Warriors showing how fragile NBA dynasties really are
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Warriors, Draymond Green, Steve Kerr

Warriors showing how fragile NBA dynasties really are

The Golden State Warriors are not used to this. Not at all.

Stephen Curry underwent surgery to repair his broken left hand on Friday, an injury he suffered on Wednesday during the midst of the Golden State Warriors’ double-digit home loss to the Phoenix Suns.

That specific loss dropped the Warriors to 1-3, and on Friday night, the San Antonio Spurs became the latest team to rout Golden State at the new Chase Center, putting the Dubs at 1-4 in what is now a lost season.

No Kevin Durant. No Klay Thompson. No Curry.

Just fading memories of what once was and what will probably never be again.

Such is the life of NBA dynasties, not just in November 2019, but in general.

The Warriors have gone from being the toast of the league, one of the best teams to ever grace the hardwood, to becoming bottom feeders within the blink of an eye.

From 2015 through 2019, Golden State went to five straight finals and won three championships. Two of those titles came with Durant aboard, as the Dubs had a fearsome foursome of Durant, Curry, Thompson and Draymond Green, not to mention stout role players such as Andre Iguodala and Shaun Livingston.

They were unbeatable. Invincible. They were “ruining the NBA.”

But last autumn, things began to unravel.

It all started when Green and Durant got into a heated on-court confrontation that carried into the locker room, where Green apparently called Durant the “B word” and essentially told him that the Warriors didn’t need him.

Probably not a wise decision with Durant’s impending free agency looming.

Durant played out the rest of the season in Oakland, and even with the obvious friction in the locker room and the constant peppering of questions about New York from the media, Golden State remained title favorites.

Then, during Game 5 of the Warriors’ second-round playoff series against the Houston Rockets, Durant suffered a calf strain, an injury that would not prevent Golden State from winning that series but would ultimately prevent it from winning a third straight title.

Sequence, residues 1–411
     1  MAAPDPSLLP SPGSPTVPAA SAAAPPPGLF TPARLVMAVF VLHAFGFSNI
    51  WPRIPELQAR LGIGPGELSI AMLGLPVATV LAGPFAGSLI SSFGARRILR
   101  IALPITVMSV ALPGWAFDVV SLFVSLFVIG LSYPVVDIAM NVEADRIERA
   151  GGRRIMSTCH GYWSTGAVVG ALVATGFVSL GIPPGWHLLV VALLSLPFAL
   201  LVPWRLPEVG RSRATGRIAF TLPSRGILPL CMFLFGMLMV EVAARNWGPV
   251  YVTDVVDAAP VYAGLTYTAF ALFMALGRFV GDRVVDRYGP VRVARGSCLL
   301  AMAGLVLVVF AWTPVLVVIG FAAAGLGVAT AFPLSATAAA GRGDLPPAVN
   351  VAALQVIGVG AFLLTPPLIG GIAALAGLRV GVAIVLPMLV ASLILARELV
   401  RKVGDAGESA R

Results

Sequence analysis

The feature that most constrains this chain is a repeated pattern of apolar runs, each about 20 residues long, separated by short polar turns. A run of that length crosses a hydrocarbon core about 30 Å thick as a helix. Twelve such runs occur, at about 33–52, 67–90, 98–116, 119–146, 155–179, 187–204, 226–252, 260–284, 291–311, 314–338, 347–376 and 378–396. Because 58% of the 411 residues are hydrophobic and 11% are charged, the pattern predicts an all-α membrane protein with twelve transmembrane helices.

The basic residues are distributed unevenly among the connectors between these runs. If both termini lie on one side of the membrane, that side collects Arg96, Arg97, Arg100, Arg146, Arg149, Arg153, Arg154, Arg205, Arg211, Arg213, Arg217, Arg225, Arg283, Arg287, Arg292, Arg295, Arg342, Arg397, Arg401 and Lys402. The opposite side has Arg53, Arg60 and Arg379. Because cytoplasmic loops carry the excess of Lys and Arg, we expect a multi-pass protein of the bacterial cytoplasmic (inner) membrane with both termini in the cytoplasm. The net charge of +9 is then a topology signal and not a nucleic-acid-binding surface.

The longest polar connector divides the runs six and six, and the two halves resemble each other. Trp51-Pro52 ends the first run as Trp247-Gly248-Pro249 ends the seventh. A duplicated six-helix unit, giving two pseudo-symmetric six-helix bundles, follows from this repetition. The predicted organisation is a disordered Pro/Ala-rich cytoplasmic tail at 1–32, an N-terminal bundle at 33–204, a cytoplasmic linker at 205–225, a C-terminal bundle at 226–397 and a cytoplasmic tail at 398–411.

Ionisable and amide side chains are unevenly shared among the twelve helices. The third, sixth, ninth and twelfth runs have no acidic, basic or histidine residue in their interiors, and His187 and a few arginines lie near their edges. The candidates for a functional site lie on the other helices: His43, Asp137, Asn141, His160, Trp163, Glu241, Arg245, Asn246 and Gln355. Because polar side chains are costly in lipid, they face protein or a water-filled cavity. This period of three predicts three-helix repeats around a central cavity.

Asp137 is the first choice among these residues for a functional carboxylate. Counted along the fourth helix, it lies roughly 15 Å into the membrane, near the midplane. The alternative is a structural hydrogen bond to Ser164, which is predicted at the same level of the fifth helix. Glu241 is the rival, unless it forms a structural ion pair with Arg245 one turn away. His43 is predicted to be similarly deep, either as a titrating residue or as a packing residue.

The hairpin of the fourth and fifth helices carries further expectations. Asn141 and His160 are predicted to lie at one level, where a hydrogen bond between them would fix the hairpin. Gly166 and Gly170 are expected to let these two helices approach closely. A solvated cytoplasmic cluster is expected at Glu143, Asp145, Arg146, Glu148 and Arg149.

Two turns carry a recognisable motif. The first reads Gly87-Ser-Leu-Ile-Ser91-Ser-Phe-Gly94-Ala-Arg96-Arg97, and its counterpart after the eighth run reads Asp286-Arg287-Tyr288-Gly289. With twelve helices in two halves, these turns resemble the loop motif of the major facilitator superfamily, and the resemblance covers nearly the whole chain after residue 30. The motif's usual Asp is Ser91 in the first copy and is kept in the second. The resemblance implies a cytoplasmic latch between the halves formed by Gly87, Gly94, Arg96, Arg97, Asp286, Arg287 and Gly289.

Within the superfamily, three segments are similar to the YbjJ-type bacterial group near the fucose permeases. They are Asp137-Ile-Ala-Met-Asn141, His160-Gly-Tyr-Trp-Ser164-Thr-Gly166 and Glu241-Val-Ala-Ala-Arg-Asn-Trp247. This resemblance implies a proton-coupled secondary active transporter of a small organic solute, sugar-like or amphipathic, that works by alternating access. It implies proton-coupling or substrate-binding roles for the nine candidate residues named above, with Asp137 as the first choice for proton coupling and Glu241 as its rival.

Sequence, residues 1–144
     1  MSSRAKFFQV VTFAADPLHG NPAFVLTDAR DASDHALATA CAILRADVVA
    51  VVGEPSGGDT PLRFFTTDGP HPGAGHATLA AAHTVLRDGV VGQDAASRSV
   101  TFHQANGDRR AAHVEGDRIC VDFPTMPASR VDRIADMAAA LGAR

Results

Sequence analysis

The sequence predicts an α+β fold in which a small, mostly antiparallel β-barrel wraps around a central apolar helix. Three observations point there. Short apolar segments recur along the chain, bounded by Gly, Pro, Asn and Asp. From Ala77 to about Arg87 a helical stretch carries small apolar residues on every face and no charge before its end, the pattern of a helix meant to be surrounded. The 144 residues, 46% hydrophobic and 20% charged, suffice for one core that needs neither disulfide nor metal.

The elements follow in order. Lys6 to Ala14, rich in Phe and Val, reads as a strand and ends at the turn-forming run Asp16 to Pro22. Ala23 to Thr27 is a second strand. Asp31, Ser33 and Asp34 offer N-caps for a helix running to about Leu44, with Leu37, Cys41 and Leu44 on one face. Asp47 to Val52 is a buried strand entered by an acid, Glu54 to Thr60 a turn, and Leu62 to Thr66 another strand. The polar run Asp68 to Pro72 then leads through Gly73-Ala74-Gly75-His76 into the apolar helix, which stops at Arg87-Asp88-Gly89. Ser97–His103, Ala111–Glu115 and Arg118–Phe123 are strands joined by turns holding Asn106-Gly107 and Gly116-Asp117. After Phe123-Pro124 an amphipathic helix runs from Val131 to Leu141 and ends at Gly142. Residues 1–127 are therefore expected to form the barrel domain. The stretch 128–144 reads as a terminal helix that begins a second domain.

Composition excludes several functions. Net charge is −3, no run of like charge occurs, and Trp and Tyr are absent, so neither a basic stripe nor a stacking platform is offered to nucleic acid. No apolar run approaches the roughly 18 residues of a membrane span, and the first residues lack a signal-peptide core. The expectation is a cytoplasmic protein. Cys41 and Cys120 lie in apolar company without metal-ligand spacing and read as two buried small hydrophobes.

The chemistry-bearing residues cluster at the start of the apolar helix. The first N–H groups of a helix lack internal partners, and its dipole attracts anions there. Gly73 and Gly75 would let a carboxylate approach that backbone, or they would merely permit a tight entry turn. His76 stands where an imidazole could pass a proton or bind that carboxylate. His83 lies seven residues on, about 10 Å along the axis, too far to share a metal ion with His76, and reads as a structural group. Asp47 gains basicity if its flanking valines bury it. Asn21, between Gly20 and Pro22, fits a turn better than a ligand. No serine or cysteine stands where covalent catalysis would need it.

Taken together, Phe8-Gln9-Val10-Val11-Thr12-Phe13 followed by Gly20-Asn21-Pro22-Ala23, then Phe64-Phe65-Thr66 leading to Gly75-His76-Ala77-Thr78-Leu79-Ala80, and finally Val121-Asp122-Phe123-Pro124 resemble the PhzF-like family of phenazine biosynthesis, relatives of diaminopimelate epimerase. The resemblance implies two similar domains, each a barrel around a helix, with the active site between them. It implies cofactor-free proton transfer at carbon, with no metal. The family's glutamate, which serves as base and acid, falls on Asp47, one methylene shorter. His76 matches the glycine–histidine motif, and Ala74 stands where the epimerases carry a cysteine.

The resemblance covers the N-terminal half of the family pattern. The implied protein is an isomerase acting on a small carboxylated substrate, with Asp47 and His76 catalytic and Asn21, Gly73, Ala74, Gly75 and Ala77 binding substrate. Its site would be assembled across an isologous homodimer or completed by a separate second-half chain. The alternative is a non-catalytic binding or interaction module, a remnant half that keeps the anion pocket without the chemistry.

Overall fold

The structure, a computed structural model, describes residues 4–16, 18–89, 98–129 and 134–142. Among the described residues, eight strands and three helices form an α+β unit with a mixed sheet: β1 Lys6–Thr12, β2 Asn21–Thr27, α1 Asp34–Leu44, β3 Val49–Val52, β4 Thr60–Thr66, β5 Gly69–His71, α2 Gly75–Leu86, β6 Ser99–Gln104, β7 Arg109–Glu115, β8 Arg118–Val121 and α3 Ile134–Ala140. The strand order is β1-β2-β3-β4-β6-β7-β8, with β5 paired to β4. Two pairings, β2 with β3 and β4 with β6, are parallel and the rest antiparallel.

Durant remained sidelined through Game 4 of the finals before attempting to make a return with the Dubs trailing the Toronto Raptors 3-1 heading into Game 5, but in the second quarter, Durant tore his Achilles, ending his season and his incredibly successful—but brief—tenure with the Warriors.

Thompson proceeded to tear his ACL in Game 6.

A whirlwind that the Dubs had never experienced during their historic run had swept the team into a dimension it had never known, and it proved to be more than enough to thwart their dynasty.

Durant proceeded to leave the Warriors for the Brooklyn Nets this past summer, clearly in search of an organization where he actually felt valued and would not be called pejoratives by his teammates.

Thompson is on the road to recovery from his ACL tear, and while the prognosis from such an injury is generally favorable, we don’t really know if he will ever be the same again, and if he does reach that level, it certainly won’t be this season.

The Warriors also sent Iguodala to the Memphis Grizzlies as a cost-cutting move, and Livingston retired.

Bob Myers and Co. tried to patch up the holes by signing free agents such as Willie Cauley-Stein, Alec Burks and Omari Spellman, but for a Dubs team that is used to having the best of the best, that isn’t exactly an enviable cast of characters.

Of course, Golden State pivoted as well as it possibly could from the Durant fallout by plucking D’Angelo Russell in a sign-and-trade with the Nets, but Russell alone is not enough to keep this Warriors squad afloat.

Then, to put the cherry on top, Curry, the face of the franchise who will probably have a statue outside of Chase Arena someday, broke his hand, and now, he is out for a minimum of three months.

Any hope Golden State had of making the playoffs this season has now been dashed, and while the future certainly isn’t beyond repair, it’s a far cry from what the Dubs have become accustomed to.

In a span of five months, the Warriors have gone from the clear-cut best team in the NBA to among the worst.

It can happen just like that for an NBA franchise. One day, you’re on top of the world. The next, you’re trying to fight your way out of the cellar.

While Durant’s departure certainly signaled an end to Golden State’s dominance, I don’t think anyone expected this.

Whether it’s guys leaving in free agency, injuries or whatever, the shelf life of an NBA dynasty is not nearly as long as you think. Many people thought the Dubs would be winning titles into the mid 2020s with their roster, neglecting the fact that sometimes, bad things do happen.

Naturally, you can’t plan for stuff like this.

You don’t expect Green to blow up on Durant in an otherwise meaningless regular-season game in November and for that to have significant ramifications on Durant’s free-agent decision.

You don’t anticipate Durant tearing his Achilles. You don’t think Thompson, a guy who had never had a severe injury in his NBA career, is going to tear his ACL in the deciding game of the finals. You don’t expect 260-pound (at least) Aron Baynes to land on Steph’s hand.

These specific incidents are unpredictable. But destructive things occurring in any NBA franchise are not, because they happen regularly.

Some teams just avoid them for longer stretches than others, and that was what the Warriors mostly represented for the better part of five years. Sure, there was some isolated drama along the way, but as a whole, Golden State appeared invulnerable.

But now, the Warriors are discovering what it was like for many other teams in the NBA since 2015.

Just like that.